Murray, find your magic

Sens GM Bryan Murray has to make a significant trade during the offseason, argues the Sun's Don...

Sens GM Bryan Murray has to make a significant trade during the offseason, argues the Sun's Don Brennan. SUN MEDIA/Errol McGihon

DON BRENNAN -- Sun Media

, Last Updated: 11:40 AM ET

On June 24, 2000, Mike Milbury should have kept his mitts jammed deep in his pockets.

Instead, he participated in a handshake that probably cost him a ring. Not a Stanley Cup ring, but whatever he was wearing on his finger at the time. And maybe even a watch.

Florida Panthers GM Bryan Murray took his New York Islanders counterpart to the cleaners that summer day, stealing Roberto Luongo and Olli Jokinen for Oleg Kvasha and Mark Parrish in what turned out to be one of the lopsided trades in NHL history.

Kvasha, a 6-foot-6, 22-year-old Russian left winger, would go on to play just five more seasons in the NHL, never producing more than 15 goals. At last glance he was a decent contributor for the Chekhov Vityaz club in his homeland.

Parrish, a 23-year-old right winger, scored 30 goals his second season with the Isles. Since then he has petered into a very ordinary player with the Minnesota Wild.

ON THE FLIP SIDE...

Jokinen, who was 21 at the time of the deal, has developed into one of the biggest and most productive centres in the NHL. He regularly scores more than 35 goals a season and, unless he is signed to an extension by the Phoenix Coyotes, should be one of the more sought-after jewels on the free-agent market the summer after next.

Luongo, who was also 21, now gives the Vancouver Canucks either the best or second-best goalie in the world. Enough said.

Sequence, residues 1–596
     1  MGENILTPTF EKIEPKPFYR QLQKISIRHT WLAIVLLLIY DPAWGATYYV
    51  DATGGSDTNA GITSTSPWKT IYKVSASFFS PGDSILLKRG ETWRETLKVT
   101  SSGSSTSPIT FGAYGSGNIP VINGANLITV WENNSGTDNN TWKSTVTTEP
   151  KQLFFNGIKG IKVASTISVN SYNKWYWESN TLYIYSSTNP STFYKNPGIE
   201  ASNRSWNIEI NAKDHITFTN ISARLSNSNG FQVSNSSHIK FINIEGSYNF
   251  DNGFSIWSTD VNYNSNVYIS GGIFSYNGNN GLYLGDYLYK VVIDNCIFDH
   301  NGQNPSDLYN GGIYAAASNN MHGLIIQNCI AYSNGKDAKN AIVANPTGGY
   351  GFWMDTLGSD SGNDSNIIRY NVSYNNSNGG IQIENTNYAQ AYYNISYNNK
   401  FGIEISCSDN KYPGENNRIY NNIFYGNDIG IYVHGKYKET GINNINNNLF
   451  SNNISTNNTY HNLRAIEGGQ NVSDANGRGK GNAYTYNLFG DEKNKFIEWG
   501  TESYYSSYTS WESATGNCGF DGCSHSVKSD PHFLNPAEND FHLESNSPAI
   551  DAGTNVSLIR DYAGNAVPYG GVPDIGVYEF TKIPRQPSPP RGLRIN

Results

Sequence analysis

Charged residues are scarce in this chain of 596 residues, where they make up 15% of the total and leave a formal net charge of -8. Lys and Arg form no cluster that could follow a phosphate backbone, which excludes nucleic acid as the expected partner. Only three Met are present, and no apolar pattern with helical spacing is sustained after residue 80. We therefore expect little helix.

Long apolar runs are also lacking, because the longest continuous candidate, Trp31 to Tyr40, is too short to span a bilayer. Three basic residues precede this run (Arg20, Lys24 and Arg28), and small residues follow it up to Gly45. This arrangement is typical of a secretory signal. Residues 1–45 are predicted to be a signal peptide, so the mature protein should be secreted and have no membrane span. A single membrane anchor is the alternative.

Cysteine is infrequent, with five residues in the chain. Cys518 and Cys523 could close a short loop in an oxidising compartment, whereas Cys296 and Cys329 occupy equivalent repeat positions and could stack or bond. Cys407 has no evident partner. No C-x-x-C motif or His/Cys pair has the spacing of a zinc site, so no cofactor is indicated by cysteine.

After more silliness (including THE worst trade in NHL history, which essentially sent Zdeno Chara and Jason Spezza to Ottawa for Alexei Yashin), Milbury is now an expert on TV.

Meanwhile, left to return the Senators into Cup-contender status is Murray, who better hurry up and remember where he put his magic wand.

To give Ottawa hope of extending its consecutive-season playoff streak and have a shot at the title, the Senators GM has to make a significant trade. And he has to win it, and in a big way.

The optimistic will look at the team's roster as is and feel confident that last season's swan dive was a blip. Still here are Daniel Alfredsson, Jason Spezza and Dany Heatley. Mike Fisher, Antoine Vermette, Chris Kelly. Chris Phillips and Anton Volchenkov. A very solid core, indeed.

But, as the largest wave of free agency passes, there are also currently too many holes and question marks:

The Martin Gerber-Alex Auld goaltending tandem is potentially the worst in the Northeast Division, if not the entire Eastern Conference.

Andrej Meszaros, should he get signed, will be counted on to provide a strong power-play and puck-moving presence. But his progress has stalled since a standout rookie season. He is certainly no guarantee. That leaves one of Brian Lee, Christoph Schubert and Lawrence Nycholat to emerge as a solid No. 4 blueliner with the ability to contribute offensively. Never mind that not one of the three has ever started a season as an NHL defenceman.

If new coach Craig Hartsburg keeps the powerful line of Alfredsson-Spezza-Heatley together, that leaves the Senators with the same problem they've had for years. Who's going to provide the secondary scoring? Right now, our guess is that units 2, 3 and 4 could look like this: Nick Foligno-Vermette-Fisher, Jarkko Ruutu-Chris Kelly-Chris Neil, Shean Donovan-Dean McAmmond-Jesse Winchester.

HOW ABOUT PRODUCTION?

There's some character, grit and talent there, to be sure. But we're not seeing a whole lot of production, and we definitely don't see a team that is a lock to make the playoffs. Not when others in the East have made serious strides forward. Not when the only sure soft touch looks to be the Toronto Maple Leafs.

The fun and games are still three months away, but on this day it looks to us like the best bets to make the playoffs are the teams that did last season: Montreal, Pittsburgh, Washington, New Jersey, New York Rangers, Philadelphia and Boston.

Ottawa, it appears now, will be in the mix with Tampa, Carolina, Buffalo, Florida, the Islanders and the Thrashers for the eighth spot.

To improve the Senators' chances of making the playoffs, their Murray needs to recreate some magic. He needs to win a trade.

For the Senators to have a shot at winning the Stanley Cup, he needs to reach out and touch another Mike Milbury.


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